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Biblical What If...?

Updated: Jul 12, 2022

John 12:37-40

I've been studying the Gospel of John with a group of brothers for several months. Every time I read the Bible, I learn something new. During this recent study through the Gospel of John, God has taught me a lot about His ways, work and will.

First, let's talk a little about the Gospel of John itself:

  • The Gospel of John is often referred to as the universal gospel

  • It has a heavy focus on Jesus' deity

  • I've heard the Gospel of John recommended for new believers to read more than any other book in the Bible

  • The Gospel of John is distinct enough in its account of events that it is not considered one of the Synoptic (i.e., similar) Gospels (Matthew, Mark and Luke)

  • It was likely written sometime between 60-90 CE

  • The Gospel of John is simultaneously called the most Jewish and anti-Jewish (i.e., antisemitic) of the four gospels

  • Jewish in its mention of the Biblical Feasts and Hanukkah

  • Anti-Jewish in its around 64, seemingly negative references to "The Jews."

Knowing these details about the Gospel of John, we need to be discerning as we read and study it along with the rest of the Scriptures. The Bible is God's Story and God is the main character. As you read and study the Bible, you should always be asking yourself the question, "What's God doing?" So, what's God doing in the Gospel of John?

A helpful way to understand this is by taking a cue from the Marvel Cinematic Universe Disney + series, "What If...?" The show's theme song says this:

Space. Reality. It's more than a linear path. It's a prism of endless possibilities, where a single choice can branch out into infinite realities, creating alternate worlds from the ones you know. I am the Watcher. I am your guide through these vast new realities. Follow me and ponder the question... What If?

Please understand, I don't think the multiverse is real. This universe is real. God is real and life is real. Human beings are really created equally in God's image. God really entered into reality as a human being, lived among us, died for us and saved us from sin. Hallelujah! That said, if you're a Christian, you need to be careful with how you read, interpret and share details of this story. The good news of the gospel of Jesus Christ has often be shared in bad ways. To illustrate, let's consider some possibilities, some alternate worlds from the one we know, created by a single choice and ask ourselves the question: What If...?

I kind of like the idea “Go big or go home,” so let’s consider this: What if… Jesus was never crucified?

Again, please understand this is a mental exercise designed to help you see what God is doing in the Scriptures we read. Let's jump ahead a few chapters in John's Gospel for our What If...? moment. Let's look at John 18:38-40 and consider a single change. Here are the verses from the English Standard Version (ESV) with my clarifications in parenthesis:

After he (Pilate) had said this, he (Pilate) went back outside to the Jews and told them, “I find no guilt in him (Jesus). But you have a custom that I should release one man for you at the Passover. So do you want me to release to you the King of the Jews?” They cried out again, “Not this man, but Barabbas!” Now Barabbas was a robber.

What if this had happened?

After he had said this, he went back outside to the Jews and told them, “I find no guilt in him. But you have a custom that I should release one man for you at the Passover. So do you want me to release to you the King of the Jews?” They cried out, “Yes, release the King of the Jews!” Now Barabbas was a robber.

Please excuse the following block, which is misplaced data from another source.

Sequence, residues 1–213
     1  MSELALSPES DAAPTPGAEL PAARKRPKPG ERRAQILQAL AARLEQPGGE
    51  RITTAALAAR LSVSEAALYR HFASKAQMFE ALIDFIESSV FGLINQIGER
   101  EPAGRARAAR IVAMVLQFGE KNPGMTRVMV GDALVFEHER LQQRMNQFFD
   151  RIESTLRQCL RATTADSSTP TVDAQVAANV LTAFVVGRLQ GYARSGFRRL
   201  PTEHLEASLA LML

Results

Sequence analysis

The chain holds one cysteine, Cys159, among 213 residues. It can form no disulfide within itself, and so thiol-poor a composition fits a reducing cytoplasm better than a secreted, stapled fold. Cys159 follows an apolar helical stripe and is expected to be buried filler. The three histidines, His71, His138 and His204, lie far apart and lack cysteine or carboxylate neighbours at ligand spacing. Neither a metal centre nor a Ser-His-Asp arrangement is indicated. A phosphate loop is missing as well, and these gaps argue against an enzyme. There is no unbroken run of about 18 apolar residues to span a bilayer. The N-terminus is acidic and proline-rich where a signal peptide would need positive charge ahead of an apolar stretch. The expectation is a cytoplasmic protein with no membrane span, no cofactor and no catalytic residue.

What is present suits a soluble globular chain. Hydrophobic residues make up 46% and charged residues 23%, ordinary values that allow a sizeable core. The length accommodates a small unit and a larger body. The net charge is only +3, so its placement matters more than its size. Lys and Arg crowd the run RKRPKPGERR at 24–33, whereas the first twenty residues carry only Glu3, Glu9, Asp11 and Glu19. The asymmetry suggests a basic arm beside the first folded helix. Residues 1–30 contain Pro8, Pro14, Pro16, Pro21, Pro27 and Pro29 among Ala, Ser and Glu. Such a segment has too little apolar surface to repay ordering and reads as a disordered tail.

What if the Jewish leaders in that single moment realized Jesus was the Jewish Messiah, King of the Jews? What if they had put their trust in Jesus because of all the miracles John says they saw Jesus do? What if the Jewish leaders instead cried out for Jesus' release in that moment? As we read about Jesus' arrest, trial and crucifixion, isn't that what we wish would have happened? Yes, release the King of the Jews! Yes, Jesus is the Messiah! Yes, Jesus is God in the flesh!

What if the Jews had only repented and said "Yes" to God in that moment?

Here's what if: No cross, no resurrection, no ascension, no promised return and outpouring of the Holy Spirit. In two words: No gospel.

As Christians, it's not an alternate universe we want to think about is it? If so, why do we spend so much time talking about how amazed, frustrated and appalled we are that some Jewish leaders in the 1st century didn't put their trust in Jesus even after seeing Him perform miracle after miracle? Why is our attitude borderline anger with the Jews who sought to kill Jesus? If we don't want to imagine a world where there is no salvation from sin through Jesus' death, why do we get so upset and frustrated with those who missed something about Jesus' life when He walked the earth?

Remember, as you read and study Scripture, you should always be asking yourself the question: What's God doing in these verses or in this story? I think we can see what God's up to if we take another look at John 12:37-40 (my emphasis in bold and parenthesis):

Though he had done so many signs before them, they still did not believe in him, so that the word spoken by the prophet Isaiah might be fulfilled:

“Lord, who has believed what he heard from us,

and to whom has the arm of the Lord been revealed?”

Therefore they could not believe. For again Isaiah said,

“He (God) has blinded their eyes

and hardened their heart,

lest they see with their eyes,

and understand with their heart, and turn,

and I would heal them.”

God is blinding eyes and hardening hearts in order to do reveal Himself and do something miraculous. This is God's MO! To see God's MO at work in another place in the Bible, let's look at Exodus 4:21-23 (my emphasis in bold):

And the LORD said to Moses, “When you go back to Egypt, see that you do before Pharaoh all the miracles that I have put in your power. But I will harden his heart, so that he will not let the people go. Then you shall say to Pharaoh, ‘Thus says the LORD, Israel is my firstborn son, and I say to you, “Let my son go that he may serve me.” If you refuse to let him go, behold, I will kill your firstborn son.’”